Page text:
It couldn’t be more appropriate that this season of Beyond Blue and Gold is sponsored by New Era, with the first episode dedicated to the drafting of a player who will have a large role in the future of this franchise. We’re offering a behind-the-scenes glimpse of the entire process, from the draft lottery through Eichel’s first official moments as a Sabre, including insight from the always-candid Tim Murray and director of amateur scouting Greg Royce.
Six months ago, I decided to leave a decade-long career at NFL Films to accept a position at Pegula Sports and Entertainment. This meant packing up my family in South Jersey and moving to Western New York to join the NHL’s bottom-ranked team. And I couldn’t have been more excited about it.
Sure, there was some homerism in there; I’m a born-and-raised Buffalo girl, after all, and have proudly represented my Sabres wherever I lived. But, as a television feature producer, I tell stories for a living, and it was obvious that there was a good one unfolding here.
We were all but guaranteed to get Jack Eichel, the American phenom from Boston University. It was the happy ending Sabres fans were hoping for, but even more, it was the beginning of – you guessed it – the next chapter in Sabres hockey.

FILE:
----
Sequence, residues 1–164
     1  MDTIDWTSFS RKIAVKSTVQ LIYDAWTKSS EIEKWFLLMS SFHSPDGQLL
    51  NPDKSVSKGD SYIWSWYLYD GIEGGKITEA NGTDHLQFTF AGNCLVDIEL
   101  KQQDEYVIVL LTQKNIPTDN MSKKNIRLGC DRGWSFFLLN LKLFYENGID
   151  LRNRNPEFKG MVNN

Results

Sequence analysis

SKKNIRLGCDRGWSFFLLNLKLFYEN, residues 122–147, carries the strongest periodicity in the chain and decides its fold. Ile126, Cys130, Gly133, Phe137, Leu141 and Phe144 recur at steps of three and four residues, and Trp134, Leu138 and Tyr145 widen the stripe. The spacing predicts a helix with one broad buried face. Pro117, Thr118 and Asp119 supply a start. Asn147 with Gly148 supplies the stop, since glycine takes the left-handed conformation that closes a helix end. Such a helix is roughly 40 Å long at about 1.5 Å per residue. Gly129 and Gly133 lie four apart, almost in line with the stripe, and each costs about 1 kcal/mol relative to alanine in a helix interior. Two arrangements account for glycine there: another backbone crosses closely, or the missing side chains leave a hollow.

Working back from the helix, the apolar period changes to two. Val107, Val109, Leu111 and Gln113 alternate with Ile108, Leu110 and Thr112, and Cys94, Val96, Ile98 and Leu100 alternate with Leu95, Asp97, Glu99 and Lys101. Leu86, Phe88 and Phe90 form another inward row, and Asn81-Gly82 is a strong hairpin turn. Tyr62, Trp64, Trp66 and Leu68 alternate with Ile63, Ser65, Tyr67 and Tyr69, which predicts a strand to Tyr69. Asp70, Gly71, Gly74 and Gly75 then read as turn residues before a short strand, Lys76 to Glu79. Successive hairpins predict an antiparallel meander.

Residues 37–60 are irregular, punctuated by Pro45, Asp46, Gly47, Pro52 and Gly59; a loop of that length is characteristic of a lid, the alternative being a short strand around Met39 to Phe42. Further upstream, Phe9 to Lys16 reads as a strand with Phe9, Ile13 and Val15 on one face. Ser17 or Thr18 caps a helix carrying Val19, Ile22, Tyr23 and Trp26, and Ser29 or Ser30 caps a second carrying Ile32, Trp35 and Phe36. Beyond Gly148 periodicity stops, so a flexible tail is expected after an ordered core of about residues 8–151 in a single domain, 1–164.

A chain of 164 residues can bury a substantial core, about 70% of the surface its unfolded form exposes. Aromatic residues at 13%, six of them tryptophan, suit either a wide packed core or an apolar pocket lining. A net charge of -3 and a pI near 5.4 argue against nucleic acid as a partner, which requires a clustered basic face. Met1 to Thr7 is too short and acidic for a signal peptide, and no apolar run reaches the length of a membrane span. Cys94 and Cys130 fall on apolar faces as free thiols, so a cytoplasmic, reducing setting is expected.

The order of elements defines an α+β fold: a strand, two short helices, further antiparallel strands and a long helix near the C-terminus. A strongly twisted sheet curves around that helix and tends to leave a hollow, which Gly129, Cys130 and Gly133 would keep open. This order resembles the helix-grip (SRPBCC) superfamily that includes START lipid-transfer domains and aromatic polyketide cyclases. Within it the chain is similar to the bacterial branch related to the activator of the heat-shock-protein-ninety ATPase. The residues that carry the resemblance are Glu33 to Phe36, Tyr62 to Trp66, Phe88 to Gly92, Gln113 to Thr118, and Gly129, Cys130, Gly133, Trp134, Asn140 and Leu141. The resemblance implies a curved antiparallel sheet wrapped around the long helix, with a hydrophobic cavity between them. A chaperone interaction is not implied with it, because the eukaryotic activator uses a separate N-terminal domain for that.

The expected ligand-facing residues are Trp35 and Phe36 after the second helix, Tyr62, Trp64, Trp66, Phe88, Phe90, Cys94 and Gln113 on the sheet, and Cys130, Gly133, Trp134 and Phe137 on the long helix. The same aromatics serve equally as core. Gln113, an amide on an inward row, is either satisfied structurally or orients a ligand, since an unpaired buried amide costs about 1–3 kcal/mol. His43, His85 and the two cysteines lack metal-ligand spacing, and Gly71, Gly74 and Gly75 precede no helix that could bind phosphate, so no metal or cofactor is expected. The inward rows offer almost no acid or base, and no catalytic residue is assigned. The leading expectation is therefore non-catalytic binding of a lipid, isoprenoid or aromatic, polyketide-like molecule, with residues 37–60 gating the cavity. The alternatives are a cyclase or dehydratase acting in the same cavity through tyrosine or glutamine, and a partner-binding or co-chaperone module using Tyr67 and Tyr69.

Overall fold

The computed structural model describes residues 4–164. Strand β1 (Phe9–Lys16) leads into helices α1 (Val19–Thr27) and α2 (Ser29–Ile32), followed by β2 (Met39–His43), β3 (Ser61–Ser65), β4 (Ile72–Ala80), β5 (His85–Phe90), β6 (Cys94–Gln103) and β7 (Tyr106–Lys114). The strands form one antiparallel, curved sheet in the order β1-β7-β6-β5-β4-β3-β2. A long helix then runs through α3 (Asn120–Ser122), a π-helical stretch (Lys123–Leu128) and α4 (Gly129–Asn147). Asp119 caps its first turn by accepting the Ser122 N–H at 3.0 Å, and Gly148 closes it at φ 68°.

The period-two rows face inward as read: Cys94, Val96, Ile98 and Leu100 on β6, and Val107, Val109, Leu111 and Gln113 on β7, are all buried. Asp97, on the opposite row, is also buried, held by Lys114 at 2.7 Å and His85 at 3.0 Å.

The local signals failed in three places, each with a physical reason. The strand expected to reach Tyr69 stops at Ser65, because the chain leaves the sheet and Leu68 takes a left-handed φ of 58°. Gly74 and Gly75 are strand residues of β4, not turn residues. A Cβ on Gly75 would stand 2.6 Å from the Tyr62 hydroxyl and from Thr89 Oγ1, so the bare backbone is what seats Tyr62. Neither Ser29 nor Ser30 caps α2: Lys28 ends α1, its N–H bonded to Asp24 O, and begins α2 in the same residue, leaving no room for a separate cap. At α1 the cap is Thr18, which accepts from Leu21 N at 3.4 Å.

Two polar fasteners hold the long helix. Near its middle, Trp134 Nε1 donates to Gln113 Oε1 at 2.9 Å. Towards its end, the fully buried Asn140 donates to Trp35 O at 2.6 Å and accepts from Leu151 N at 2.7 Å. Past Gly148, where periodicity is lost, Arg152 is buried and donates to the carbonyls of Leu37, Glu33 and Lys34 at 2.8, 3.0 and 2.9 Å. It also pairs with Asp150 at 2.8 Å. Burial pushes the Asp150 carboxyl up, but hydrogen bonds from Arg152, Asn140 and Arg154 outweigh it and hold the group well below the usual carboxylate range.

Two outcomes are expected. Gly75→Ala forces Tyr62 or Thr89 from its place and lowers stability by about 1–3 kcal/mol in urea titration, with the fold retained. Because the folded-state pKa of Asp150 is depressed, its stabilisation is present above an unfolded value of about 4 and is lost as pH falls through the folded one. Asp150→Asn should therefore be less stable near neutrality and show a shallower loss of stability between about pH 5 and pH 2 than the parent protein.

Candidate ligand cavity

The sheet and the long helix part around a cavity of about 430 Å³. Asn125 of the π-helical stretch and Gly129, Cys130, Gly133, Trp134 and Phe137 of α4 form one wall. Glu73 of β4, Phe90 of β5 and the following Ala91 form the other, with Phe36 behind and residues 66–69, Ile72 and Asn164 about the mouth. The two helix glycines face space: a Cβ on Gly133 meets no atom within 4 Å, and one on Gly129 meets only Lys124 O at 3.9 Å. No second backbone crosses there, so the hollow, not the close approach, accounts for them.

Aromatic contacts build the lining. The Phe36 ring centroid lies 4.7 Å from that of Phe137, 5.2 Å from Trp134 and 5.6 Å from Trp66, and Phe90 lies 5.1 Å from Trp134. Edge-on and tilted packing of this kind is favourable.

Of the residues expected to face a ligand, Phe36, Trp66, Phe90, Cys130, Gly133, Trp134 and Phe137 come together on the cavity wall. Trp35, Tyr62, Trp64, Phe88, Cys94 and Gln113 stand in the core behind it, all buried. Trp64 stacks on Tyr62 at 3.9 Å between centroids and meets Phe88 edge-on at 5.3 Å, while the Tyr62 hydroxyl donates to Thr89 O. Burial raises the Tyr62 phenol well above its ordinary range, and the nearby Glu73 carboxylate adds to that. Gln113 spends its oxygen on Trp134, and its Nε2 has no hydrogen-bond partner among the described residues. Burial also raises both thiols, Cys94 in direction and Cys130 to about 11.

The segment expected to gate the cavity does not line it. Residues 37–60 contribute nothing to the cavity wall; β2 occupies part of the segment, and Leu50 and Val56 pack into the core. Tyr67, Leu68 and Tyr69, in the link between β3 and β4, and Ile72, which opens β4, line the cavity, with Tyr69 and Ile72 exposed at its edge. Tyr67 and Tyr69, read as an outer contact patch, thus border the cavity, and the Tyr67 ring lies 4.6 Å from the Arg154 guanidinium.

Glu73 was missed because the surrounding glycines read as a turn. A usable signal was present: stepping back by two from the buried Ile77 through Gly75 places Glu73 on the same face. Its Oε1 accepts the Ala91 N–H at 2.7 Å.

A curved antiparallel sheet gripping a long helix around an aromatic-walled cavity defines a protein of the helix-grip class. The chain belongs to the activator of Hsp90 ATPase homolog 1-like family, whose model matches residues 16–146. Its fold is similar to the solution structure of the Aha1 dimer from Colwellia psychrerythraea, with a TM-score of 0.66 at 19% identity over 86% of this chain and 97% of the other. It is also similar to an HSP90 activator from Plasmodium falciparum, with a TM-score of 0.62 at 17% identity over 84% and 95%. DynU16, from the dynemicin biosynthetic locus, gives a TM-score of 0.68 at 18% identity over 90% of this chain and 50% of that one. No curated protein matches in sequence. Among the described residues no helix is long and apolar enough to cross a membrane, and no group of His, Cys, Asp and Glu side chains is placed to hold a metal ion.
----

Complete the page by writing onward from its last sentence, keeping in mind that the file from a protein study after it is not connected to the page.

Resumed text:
I was one of the first people to greet Jack backstage after he’d been drafted. Although I was anticipating it, I was still struck by his maturity and charisma, even in the midst of the biggest moment of his life. A lot of 18-year-old athletes have confidence, but it comes across as braggadocio.
Jack somehow avoids this pitfall, which you’ll see in our exclusive footage from his combine interview with the Sabres front office, and in the way he describes the moment he knew the Sabres were selecting him for sure (Spoiler alert: this involves an epic Tim Murray moment).
It’s a special thing to watch someone’s dreams come true, and I feel lucky to be able to share Jack’s big moment—our big moment, really—with all the Sabres fans who’ve waited so patiently for this next, exciting chapter to begin.
Of course, adding one young player, however talented, won’t have us eating Lucky Charms out of Lord Stanley’s Cup. That’s why Tim Murray has made more deals than Monty Hall (or, for the kids, Wayne Brady) to rebuild the team.
No matter how much talent is assembled, learning to play and win as a team takes time. But the fact that it only took two-and-a-half periods for Eichel to score his first NHL goal sure offered us a great taste of things to come. Feeling the explosion of pent-up joy from the fans in First Niagara Center reinforced the enormity of that moment.
There’s still no guarantee of parades down Washington Street. But once we start winning, what will we remember as the impetus?
“Buffalo selects Jack Eichel.”